Snippets and Frontiers

2 May 2001

There's a new issue of Speculon up. It's got a book review by me, editorial stuff by Timprov, and short stories by two of my favorite writers, Kate Fossback and Tim. I don't know the authors of the other two stories, but they're cool, too. Go read them. It'll be cool.

I'm settling back into the rhythm of knowing nothing about the status of my book. It's somewhat more comfortable, when I think about it. Somewhat more like the status of any given short story. Lots of which are out there, and I manage not to drive myself nuts over them. Well. Not much, anyway.

Today, Ben and Jerry's is giving out free scoops of ice cream. Baskin-Robbins is doing it tonight. So you can go get yourself some ice cream. They donate to charity over today, and it's a literacy-related charity. How could you lose? Little kids get books, and you get ice cream. Now, if little kids got ice cream, and you got books, well, that'd be good, too. But they almost never have book give-away days at the big bookstores. Go figure.

I've been reading Christopher Fry's Curtmantle. It's about Henry II and Thomas Becket. It's not as outstanding as some of Fry's other stuff, but I like the contrast with Murder in the Cathedral so far. Curtmantle is an ongoing wrangle between two friends, so far; it has no dimensions of Greek tragedy, no chorus of Canterbury women, nothing like that. Which makes it bigger, in a sense, because you can get inside the characters' heads better. They're more real. It's different enough to be worth bothering about. And, of coursre, it's Fry, so that language is purty, although I haven't run across anything as purely delightful as some of the passages in The Lady's Not For Burning or even Venus Observed.

When I looked up Christopher Fry on Amazon, most of the results were for stir-fry books written by someone named Christopher. Ah, the joys of the internet. I suppose this is the advantage of being named Marissa Lingen. (Or even Marissa Gritter.) Anyway, as I said when I bought another of his plays on Saturday, Fry is way underrated. Ignored. Etc. Playwrights may have it better than poets, but only barely.

My poetry education in school was pretty awful. It was clear that most of the teachers who bothered to deal with poetry didn't really love it. Except maybe the Gabester, and our taste was, ahem, different. I ended up having to do a paper on a poem entitled "Poverty," which began: "The poor are blessed; poverty is not. It is a nostril clogged with unwiped snot." It went on from there. Woohoo. Way to make kids love the language in all its varied forms. So now I mostly read poets recommended to me by friends. I have very low tolerance for bad poetry. The Diane Wakoski book I finished was the first time I've managed to branch out on my own and not get burned.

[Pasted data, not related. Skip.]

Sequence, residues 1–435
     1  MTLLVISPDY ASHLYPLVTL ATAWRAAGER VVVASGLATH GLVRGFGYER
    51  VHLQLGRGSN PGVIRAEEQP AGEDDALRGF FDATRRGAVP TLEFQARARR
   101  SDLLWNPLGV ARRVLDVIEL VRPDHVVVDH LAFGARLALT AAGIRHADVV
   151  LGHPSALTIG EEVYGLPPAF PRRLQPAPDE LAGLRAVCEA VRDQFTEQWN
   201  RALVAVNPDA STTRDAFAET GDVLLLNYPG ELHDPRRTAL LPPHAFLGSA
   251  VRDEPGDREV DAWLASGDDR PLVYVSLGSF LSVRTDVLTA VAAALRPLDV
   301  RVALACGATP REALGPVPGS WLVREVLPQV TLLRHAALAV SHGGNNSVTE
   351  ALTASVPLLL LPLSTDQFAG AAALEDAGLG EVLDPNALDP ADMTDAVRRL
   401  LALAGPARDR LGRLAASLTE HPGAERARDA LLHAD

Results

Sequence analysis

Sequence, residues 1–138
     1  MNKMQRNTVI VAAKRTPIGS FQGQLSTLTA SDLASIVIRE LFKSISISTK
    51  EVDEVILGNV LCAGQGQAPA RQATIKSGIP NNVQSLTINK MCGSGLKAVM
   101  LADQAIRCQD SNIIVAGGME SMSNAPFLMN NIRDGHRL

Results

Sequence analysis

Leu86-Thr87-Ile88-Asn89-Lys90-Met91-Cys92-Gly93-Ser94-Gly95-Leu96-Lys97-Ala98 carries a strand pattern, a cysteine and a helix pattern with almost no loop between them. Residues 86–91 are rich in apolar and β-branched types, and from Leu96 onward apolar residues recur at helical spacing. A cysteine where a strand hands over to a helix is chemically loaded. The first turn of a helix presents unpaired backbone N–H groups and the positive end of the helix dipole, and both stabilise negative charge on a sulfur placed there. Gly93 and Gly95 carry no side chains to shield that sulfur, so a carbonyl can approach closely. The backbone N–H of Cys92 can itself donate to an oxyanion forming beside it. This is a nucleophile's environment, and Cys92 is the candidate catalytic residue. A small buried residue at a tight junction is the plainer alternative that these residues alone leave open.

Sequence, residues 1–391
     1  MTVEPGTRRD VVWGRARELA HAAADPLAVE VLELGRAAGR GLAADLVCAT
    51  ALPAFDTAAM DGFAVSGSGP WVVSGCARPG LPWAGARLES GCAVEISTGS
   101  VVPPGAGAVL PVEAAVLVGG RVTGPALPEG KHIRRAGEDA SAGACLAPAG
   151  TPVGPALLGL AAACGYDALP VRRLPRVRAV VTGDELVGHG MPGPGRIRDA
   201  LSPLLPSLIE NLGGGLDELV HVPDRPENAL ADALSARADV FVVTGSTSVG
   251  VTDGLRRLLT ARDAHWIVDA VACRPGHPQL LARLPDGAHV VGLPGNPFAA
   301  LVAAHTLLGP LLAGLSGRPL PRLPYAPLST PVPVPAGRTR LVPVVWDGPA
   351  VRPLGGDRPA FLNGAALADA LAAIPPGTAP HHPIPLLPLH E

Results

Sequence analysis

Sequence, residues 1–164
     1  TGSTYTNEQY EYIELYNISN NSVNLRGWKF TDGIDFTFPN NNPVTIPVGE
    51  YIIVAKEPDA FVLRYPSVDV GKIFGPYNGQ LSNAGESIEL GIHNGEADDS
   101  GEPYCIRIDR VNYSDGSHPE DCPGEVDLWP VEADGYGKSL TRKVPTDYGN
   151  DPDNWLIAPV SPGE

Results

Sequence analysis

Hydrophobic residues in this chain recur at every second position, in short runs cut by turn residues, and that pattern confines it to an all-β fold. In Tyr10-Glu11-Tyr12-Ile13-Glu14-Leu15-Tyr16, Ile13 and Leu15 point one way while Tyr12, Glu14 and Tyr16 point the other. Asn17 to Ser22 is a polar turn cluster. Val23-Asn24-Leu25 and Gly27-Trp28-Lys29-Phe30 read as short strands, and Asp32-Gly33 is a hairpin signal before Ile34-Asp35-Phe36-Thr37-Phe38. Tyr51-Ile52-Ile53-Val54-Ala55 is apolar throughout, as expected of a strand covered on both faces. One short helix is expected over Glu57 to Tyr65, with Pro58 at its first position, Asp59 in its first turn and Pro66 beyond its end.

My tolerance is not as low as La Michelle's for stupid textbooks, of course. I don't know how many times I heard "Aiieeeeagghhhh! (thump)" as her Linguistics text went sailing across our section lounge.

I kind of miss "Aiieeeeagghhhh! (thump)" Maybe I'll make her read something really awful when she's out here in June, just so that I can hear it again.

Evidently Michelle and David never heard of May Baskets. Never did them. Deprived childhoods. They're lucky they weren't here, or I'd be hauling out ribbons and scissors and such and sitting them down at the kitchen table. I can imagine Michelle sighing and giving me that look and rolling her eyes and saying, "Yes, dearie...."

It's going to be a good summer.

Yesterday I found out that one of our neighbors is from Afghanistan. She's been sweet and neighborly ever since we moved in here, and her granddaughter is an adorable, happy, bright one-year-old who is fascinated with my toes. I've always been glad they're here. But I didn't know they were Afghani. Now I'm really glad they're here. I keep imagining that baby girl growing up in walls and black cloth and...oh, it gives me the shudders.

Sports writers are so zany. Yesterday the sentence that had my brain chasing its tail was, "This is the first time the Twins have finished April with a winning record since July of 1999." Go ahead and parse that one. Get back to me when you've got it, because I'm still not sure how it works.

Mark wants me to say people are zany when I think they're totally nuts in a bad way. He thinks it's more polite.

I've also been reading about planned communities and neoclassicism in suburbia. I think one of the things that bothers me about this movement for planned communities is that they assume all human beings are agoraphobes. I think one of the ways you can divide people down the middle is agoraphobes and claustrophobes. It's a pretty good division, actually. Claustrophobes build new societies. Agoraphobes give older ones stability. The authors I've been reading have noted that the western U.S. developments are more likely to insist on wider roads, more space. They don't seem to have a clue on why, and they just throw it into the category "cultural differences." I think that's a mistake, a fundamental misunderstanding. It assumes that the psychology is the same but that the proportions are just bigger. I think that the western states are closer to being frontier, not just historically but emotionally. More likely to feature claustrophobes. And I think if we're going to be doing planned communities, we need to recognize that you literally can't plan an architecture that pleases everyone -- not just as a matter of taste, but as a matter of the psychological needs these developers are so fond of discussing.

This would not be a problem if we were working a little harder on a new frontier and giving claustrophobes somewhere to go.

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